Real estate investment markets in Central and Eastern Europe (CEE) are attracting a growing number of cross-border investors, but there is no 'gold rush', according to Martin Erbe, head of CEE at German lender Helaba.
'Gold rush for me is a negative word because the US gold rush (of the 1840-50s) left deserted villages in its wake. I think when investors move on from CEE to Russia, hopefully, they will not leave Warsaw as a deserted city,' Erbe said. He added that the CEE markets have matured in the past few years. ´Due diligence is carried out much more carefully than in the past,' Erbe told PropertyEU's CEE Investment Briefing in London in late March.
Andreas Ridder, head of CEE at CBRE, agreed the region is not experiencing a gold rush, despite over EUR 11 bn of investment last year, one of the top three periods for CEE. Poland and the Czech Republic are attracting the lion's share of investment in Central Europe, with much lower volumes in the other markets. 'I often describe Poland and the Czech Republic as Western European in many respects. With yields of 6-7% I would not say they are over-priced.'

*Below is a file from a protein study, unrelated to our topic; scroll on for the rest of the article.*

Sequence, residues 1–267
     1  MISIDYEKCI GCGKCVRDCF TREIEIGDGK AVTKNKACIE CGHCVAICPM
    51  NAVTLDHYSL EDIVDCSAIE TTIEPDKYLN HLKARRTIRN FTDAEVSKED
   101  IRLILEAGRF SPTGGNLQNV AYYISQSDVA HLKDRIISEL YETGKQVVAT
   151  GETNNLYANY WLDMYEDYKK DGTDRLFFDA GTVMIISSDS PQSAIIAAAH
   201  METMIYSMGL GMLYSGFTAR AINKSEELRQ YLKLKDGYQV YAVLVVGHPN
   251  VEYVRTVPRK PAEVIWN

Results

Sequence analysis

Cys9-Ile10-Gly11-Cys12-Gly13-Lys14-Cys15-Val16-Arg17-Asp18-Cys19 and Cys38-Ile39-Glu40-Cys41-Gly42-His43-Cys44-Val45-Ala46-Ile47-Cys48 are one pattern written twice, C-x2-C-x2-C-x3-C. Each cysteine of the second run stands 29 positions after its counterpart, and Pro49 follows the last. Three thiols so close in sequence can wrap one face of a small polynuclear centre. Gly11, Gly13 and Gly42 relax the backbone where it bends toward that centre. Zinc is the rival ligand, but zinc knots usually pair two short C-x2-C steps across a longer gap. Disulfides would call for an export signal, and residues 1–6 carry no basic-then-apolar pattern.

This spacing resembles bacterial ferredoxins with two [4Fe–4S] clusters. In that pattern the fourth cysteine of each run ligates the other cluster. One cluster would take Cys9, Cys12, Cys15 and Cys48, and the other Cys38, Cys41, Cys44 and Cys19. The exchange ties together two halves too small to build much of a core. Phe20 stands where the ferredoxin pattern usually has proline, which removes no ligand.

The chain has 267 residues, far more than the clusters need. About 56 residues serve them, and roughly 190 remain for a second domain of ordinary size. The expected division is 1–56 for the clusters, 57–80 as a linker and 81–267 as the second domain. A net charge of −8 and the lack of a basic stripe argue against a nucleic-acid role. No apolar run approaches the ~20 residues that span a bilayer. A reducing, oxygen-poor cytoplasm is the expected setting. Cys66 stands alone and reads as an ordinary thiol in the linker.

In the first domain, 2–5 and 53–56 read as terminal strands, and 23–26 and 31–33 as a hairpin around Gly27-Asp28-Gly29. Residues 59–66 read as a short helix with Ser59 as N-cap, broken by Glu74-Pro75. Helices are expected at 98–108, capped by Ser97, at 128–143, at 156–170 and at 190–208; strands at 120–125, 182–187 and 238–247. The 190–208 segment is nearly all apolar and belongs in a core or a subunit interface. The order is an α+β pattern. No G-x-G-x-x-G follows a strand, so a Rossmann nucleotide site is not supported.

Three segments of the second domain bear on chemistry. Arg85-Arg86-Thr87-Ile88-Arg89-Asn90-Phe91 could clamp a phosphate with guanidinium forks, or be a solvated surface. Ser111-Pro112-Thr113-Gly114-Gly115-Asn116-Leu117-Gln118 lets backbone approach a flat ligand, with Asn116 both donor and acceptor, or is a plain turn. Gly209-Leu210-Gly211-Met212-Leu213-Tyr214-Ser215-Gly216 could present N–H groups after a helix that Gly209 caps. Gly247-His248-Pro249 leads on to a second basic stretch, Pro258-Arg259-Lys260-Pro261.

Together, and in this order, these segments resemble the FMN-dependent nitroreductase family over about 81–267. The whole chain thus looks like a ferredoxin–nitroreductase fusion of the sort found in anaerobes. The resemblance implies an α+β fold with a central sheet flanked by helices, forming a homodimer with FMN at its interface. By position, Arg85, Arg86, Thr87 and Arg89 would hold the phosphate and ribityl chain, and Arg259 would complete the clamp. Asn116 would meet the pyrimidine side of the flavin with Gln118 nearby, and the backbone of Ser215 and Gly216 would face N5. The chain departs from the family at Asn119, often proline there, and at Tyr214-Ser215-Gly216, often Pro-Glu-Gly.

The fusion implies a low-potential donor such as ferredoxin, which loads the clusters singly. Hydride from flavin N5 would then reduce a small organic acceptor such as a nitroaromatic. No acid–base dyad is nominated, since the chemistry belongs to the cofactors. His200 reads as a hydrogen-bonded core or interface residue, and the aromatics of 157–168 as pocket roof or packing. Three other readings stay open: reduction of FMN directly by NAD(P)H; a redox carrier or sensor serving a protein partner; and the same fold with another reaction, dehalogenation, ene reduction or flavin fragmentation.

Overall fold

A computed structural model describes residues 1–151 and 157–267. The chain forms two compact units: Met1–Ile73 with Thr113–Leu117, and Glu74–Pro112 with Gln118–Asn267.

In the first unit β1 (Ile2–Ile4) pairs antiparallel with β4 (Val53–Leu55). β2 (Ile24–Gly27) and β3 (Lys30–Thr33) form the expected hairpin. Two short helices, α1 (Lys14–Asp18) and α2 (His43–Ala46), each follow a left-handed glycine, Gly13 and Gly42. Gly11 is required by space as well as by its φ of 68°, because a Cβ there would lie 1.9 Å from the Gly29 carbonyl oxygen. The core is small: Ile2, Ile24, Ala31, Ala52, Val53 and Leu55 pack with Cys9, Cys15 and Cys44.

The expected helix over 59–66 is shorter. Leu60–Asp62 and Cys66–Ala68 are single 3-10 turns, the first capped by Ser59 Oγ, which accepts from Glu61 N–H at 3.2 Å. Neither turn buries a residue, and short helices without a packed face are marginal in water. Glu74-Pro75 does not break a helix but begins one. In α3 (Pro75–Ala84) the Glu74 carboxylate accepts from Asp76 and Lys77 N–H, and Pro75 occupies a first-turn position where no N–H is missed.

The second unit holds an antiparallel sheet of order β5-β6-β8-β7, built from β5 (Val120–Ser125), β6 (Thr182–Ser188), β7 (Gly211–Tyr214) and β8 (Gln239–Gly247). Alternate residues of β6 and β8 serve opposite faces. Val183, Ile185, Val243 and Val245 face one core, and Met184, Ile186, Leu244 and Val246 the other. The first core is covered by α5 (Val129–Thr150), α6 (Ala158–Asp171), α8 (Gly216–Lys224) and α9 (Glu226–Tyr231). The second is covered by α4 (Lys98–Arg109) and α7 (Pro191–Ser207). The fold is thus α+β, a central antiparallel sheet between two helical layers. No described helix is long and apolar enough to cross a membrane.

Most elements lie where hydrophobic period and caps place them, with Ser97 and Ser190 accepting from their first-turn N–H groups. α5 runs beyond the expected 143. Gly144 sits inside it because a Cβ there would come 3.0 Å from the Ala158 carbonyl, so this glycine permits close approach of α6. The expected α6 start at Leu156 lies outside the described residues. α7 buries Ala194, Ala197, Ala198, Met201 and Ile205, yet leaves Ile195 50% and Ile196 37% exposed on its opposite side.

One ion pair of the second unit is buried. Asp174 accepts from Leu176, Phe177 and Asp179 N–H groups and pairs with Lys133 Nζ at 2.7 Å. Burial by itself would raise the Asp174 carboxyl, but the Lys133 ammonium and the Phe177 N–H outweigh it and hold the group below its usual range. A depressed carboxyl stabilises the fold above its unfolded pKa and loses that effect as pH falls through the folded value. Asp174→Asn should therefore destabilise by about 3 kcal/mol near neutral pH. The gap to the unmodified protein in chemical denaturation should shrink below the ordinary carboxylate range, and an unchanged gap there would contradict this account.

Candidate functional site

Ridder added, 'There are not that many deals happening at the moment and I definitely don’t have the feeling everyone wants to do a quick deal. Investors are really careful and very diligent in what they are doing so I would not at all call it a gold rush.'
Developers are definitely not experiencing a gold rush, according to Yann Guen, vice-president of shopping centre specialist Mayland. 'It is becoming more and more difficult because of all the demands in terms of equity and guarantees are much stricter.'
The full story appears in the April edition of PropertyEU. Click on the link to subscribe: